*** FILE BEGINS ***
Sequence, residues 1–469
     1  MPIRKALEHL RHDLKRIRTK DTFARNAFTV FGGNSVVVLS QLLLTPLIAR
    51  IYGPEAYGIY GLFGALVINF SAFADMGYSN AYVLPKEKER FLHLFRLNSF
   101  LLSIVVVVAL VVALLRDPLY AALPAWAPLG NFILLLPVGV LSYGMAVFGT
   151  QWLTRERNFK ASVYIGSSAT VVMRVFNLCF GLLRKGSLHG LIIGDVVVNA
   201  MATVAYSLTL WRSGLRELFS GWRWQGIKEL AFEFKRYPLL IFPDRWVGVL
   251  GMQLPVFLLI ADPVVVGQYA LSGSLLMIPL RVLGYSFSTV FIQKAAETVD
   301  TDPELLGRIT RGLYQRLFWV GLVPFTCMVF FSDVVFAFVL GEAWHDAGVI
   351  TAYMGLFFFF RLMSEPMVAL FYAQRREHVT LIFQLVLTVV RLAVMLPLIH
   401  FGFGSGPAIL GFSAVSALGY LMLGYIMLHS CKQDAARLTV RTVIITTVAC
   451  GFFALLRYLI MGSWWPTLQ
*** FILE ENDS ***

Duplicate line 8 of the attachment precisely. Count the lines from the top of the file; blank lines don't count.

   301  TDPELLGRIT RGLYQRLFWV GLVPFTCMVF FSDVVFAFVL GEAWHDAGVI